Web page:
Everyone wants a safe, peaceful place to live. Why is finding that so easy for some of us and so hard for others?
Until I started house-hunting, I didn’t realize how stressful the process could be. Take the house that I recently came close to purchasing. For days, my wife and I imagined ourselves in this new, larger home; we planned how our furniture would fit in the various spaces, how great it’d be to cook in a new kitchen, how our future children would play outside. Alas, after excruciating consideration, we decided this house wasn’t quite the right place for us. It was an emotional roller-coaster, and by the end of it I began to feel hopeless. Would we ever find the right home?
But the next morning, as I continued to mull things over, a thought struck sharp and deep: Right now, as I obsess over upgrading my living situation, there are millions of refugees who have fled Syria and are without any homes at all. As I imagine the future house my family will inhabit, there are families who have spent up to three years struggling to get by in tented camps or makeshift shelters, hanging on to whatever hope they can muster of returning to their country.
Recently I read the story of Ammar, who, with his wife and three young children, is among the refugees Oxfam is working to support in Jordan and Lebanon. They fled the Aleppo region of Syria over a year ago and have spent the past three months in a cold and damp three-room stone dwelling. Ammar suffers from depression and is psychologically scarred by his experiences of the conflict in Syria, to the point where he has suffered multiple panic attacks and heart attacks.
Before the conflict, “I was a citizen like everybody else,” Ammar said. “I had a committed life, living with my family in safety and peace.”
Remember how annoying it was as a kid when you didn’t want to eat your dinner, for whatever reason, and your parents said, “There are people starving in some parts of the world who would love to eat this food”? We knew there was truth in what they were saying, but the words ended up making us feel pretty stupid. It isn’t that we’re trying to be self-centered; it’s just that in the moment we’re looking at things through a limited window. It can be difficult to look out at the wider world. But perspective isn’t served best with shame.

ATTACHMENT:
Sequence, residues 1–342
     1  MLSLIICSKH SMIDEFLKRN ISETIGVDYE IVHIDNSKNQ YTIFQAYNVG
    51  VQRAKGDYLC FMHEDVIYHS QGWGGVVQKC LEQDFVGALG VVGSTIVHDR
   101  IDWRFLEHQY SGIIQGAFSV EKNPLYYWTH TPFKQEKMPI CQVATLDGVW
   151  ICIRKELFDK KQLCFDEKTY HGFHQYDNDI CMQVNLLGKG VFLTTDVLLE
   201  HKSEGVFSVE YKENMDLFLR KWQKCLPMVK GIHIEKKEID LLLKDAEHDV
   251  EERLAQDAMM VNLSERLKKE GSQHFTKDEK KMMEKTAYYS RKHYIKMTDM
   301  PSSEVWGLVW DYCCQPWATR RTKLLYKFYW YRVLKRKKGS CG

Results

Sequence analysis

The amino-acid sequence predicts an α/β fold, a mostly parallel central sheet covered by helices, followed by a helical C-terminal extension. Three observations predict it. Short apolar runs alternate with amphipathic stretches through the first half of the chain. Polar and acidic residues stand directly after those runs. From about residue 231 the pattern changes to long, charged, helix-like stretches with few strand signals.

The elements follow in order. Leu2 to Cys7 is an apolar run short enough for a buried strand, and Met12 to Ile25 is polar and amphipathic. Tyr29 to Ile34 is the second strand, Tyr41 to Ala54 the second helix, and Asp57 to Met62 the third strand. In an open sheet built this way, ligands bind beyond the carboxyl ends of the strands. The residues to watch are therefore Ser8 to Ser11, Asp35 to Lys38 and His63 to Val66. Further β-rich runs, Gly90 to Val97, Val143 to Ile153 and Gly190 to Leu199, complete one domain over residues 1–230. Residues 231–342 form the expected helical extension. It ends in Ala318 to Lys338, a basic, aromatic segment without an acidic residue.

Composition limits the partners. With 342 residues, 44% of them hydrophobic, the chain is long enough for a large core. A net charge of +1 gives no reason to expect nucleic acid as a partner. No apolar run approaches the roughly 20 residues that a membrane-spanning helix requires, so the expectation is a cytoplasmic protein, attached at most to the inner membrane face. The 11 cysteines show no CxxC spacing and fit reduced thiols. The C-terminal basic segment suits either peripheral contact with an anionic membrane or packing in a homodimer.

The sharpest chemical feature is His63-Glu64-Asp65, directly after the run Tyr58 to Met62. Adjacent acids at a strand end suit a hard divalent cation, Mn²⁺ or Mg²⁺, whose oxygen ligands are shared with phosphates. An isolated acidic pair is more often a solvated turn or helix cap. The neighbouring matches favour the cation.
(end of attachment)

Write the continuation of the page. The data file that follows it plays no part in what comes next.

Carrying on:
When reflecting on the state of Syrian refugee families like Ammar’s, I do my best to avoid dousing myself in shame. Instead I pause and acknowledge that it’s kind of ridiculous for me to worry so much about finding a new home when Ammar and so many other people have real reason to worry about the future.
“Three years [into the Syrian conflict] and we’re always asked the same questions and we have the same answers. Let’s eventually end this; we are all humans, we are all brothers and humanity,” Ammar said. “I feel that no one is feeling what is happening to us…all I want is to be able to eat, drink and earn a living. I don’t want to be rich, I just want to be able to live. I don’t want a luxurious life. I just want the daily basics.”
No matter where we live, we all want the best for ourselves and for our families. But putting those needs in perspective with the basic needs that so many struggle with today is important. That shift in perspective, for me, doesn’t end with acknowledging just how fortunate I am. It’s important to me that I act from that perspective, lest I take it for granted.
We can help meet the basic needs of families like Ammar’s and be voices for peace in Syria. See how.